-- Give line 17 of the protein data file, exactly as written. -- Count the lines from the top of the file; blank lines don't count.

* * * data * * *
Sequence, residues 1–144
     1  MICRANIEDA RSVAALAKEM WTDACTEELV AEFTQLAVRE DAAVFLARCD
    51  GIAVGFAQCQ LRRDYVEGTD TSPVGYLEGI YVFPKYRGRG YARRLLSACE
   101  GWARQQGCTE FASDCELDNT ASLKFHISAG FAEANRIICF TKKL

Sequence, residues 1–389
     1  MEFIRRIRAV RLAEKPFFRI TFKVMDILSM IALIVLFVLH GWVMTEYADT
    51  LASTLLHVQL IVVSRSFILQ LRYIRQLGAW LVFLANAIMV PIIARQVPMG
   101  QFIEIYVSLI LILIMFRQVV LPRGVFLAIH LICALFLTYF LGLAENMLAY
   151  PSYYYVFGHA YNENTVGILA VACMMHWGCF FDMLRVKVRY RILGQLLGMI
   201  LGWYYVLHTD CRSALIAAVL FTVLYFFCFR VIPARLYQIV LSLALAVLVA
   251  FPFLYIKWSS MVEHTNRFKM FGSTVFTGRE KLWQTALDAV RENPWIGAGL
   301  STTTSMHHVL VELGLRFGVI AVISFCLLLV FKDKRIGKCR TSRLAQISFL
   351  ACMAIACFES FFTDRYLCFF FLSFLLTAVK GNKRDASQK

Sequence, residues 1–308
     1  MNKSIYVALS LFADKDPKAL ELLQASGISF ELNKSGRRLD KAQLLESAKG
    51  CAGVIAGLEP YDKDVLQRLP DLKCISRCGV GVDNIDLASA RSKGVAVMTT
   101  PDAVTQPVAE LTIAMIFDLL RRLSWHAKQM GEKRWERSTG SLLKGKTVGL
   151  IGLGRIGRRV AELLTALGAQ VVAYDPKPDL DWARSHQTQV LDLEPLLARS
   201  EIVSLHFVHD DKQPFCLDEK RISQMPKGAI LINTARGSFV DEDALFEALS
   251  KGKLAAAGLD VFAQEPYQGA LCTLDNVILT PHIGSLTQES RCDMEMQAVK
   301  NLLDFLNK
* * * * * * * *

   101  PDAVTQPVAE LTIAMIFDLL RRLSWHAKQM GEKRWERSTG SLLKGKTVGL